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The Daily Tar Heel

'Field hockey mind': UNC's new assistant coach challenges team to excel

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UNC assistant coach Tim Broenink joins stands out in a team huddle during the exhibition field hockey match against Duke at Karen Shelton Stadium on Sunday, Aug. 20, 2023. UNC won 5-3.

UNC's new assistant field hockey coach Tim Broenink is nothing short of committed.

After the Tar Heels’ 4-1 exhibition win over Wake Forest on Friday, the team packed up for the 80-minute drive back to Chapel Hill. While they boarded the bus, Broenink talked with the other coaches, doing pratice swings and brainstorming ways for the team to improve their shots and ball handling.

With a new head and assistant coach on the leadership staff, the players have had to adjust to a different style of practice and preparation. However, head coach Erin Matson said Broenink is transitioning into his new role perfectly.

“He has a very well-rounded resume,” Matson said. “He has the same mindset as me and the rest of the staff in terms of who needs what.”

UNC assistant coach Tim Broenink high fives teammates during the exhibition field hockey match against Duke at Karen Shelton Stadium on Sunday, Aug. 20, 2023. UNC won 5-3. After each goal, Broenink takes time to high five or fist bump every player and staff on the sideline.

A native of the Netherlands, Broenink began coaching teams there in 2009. 

Later, as head coach, he led the Norway Men's National Team to a bronze medal at the 2019 Euro Hockey Championship Men IV tournament. Broenink also coached the Norwegian club team, Kringsja, and led them to a gold medal at the 2019 Euro Hockey Club Championship IV. 

In addition to his international coaching experience, Broenink was an assistant field hockey coach for Syracuse for two years before joining North Carolina's program. Following former head coach Karen Shelton’s retirement, he filled the vacancy created by former associate head coach Grant Fulton's departure.

Coming to Chapel Hill, Broenink had to adjust to a new life and a new locker room environment.

There is one familiar face for the new assistant coach on the Tar Heels’ squad — graduate midfielder Pleun Lammers played under Broenink during his stint at Syracuse. Lammers also played for Broenink in the Netherlands with the Amsterdamsche Hockey & Bandy Club.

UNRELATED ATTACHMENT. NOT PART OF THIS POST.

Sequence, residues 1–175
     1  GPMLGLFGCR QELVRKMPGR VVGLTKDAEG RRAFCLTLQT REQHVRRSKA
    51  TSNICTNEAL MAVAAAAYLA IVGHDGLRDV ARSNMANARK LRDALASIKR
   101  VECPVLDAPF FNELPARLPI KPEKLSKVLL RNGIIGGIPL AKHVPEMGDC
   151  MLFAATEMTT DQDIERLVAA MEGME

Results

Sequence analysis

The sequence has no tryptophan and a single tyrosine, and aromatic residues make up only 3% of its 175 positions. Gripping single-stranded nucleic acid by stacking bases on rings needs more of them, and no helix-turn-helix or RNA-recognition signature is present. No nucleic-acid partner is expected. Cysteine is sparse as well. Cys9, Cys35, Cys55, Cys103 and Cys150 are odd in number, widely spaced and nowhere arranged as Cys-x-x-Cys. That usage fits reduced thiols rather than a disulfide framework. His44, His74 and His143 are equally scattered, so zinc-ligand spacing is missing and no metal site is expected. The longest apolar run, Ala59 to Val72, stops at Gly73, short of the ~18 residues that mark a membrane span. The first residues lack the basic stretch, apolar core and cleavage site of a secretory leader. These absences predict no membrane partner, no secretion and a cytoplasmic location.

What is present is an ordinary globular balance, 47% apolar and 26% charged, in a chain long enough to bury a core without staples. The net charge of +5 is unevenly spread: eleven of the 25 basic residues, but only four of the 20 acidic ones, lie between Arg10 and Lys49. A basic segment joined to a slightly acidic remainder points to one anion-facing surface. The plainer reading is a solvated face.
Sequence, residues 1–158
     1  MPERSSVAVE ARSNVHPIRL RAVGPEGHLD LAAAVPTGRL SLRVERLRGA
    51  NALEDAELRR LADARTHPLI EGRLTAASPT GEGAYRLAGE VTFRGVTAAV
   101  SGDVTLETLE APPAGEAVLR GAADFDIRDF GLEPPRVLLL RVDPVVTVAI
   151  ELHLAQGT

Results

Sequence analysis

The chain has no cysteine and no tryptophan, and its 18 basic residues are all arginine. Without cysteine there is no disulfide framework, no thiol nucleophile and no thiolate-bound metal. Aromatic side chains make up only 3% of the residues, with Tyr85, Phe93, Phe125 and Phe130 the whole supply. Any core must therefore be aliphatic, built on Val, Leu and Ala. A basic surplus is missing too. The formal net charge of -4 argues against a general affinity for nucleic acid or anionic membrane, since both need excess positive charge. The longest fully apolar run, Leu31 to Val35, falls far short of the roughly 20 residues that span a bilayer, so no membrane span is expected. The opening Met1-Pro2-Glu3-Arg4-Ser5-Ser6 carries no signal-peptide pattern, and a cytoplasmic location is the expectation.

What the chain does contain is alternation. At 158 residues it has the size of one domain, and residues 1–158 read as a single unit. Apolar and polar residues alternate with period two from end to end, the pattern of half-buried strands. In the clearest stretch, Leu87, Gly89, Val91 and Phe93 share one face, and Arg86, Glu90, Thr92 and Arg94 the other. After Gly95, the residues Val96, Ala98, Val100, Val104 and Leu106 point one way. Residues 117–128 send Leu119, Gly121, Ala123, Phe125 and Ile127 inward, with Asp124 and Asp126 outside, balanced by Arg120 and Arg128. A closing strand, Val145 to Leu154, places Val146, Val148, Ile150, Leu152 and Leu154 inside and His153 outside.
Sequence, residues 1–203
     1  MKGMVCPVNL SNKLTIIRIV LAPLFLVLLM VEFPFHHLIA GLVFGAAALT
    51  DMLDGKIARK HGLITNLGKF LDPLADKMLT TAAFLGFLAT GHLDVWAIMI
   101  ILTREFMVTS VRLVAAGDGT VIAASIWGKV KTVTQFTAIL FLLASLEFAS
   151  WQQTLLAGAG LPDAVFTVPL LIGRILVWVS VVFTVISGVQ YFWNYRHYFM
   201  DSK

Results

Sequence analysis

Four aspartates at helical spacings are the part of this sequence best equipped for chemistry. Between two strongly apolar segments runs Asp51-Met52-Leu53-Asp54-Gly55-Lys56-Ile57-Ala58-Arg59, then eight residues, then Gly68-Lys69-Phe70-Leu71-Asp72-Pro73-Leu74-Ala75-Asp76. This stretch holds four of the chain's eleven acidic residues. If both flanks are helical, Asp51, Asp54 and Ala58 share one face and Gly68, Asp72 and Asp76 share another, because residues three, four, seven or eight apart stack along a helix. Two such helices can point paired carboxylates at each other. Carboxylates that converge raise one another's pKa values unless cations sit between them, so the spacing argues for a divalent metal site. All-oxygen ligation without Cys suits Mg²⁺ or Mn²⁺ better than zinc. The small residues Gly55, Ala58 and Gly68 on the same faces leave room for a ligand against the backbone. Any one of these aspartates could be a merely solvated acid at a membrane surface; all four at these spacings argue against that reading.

“Getting to know the players in the first week of preseason is pretty easy, because we have double trainings and you see them a lot,” Broenink said. “I’m getting used to them; I know them all.”

Although Broenink is new to the team, the players said they appreciate his style of coaching, formed by years of experience in the United States and overseas.

Senior back Romea Riccardo said Broenink challenges players to view the sport through a new lens.

“He's been a great addition,” Riccardo said. “His field hockey mind is insane. He’s having us think in different ways that we haven’t thought of.”

Broenink's impact is already visible. He started the second and final exhibition game just the same as he finished the first one — talking to players and coaches about what needs to be improved and how it needs to be handled.

As a coach, he has high aspirations for himself and the team this season. While the team’s mantra is to only focus on one game at a time, Broenink said everyone knows what they’re after. 

“I think the team’s goal is very clear,” Broenink said. “We want to be national champions again. My role in that is to facilitate them the best way possible and try to help them achieve their goal.”


@dthsports |

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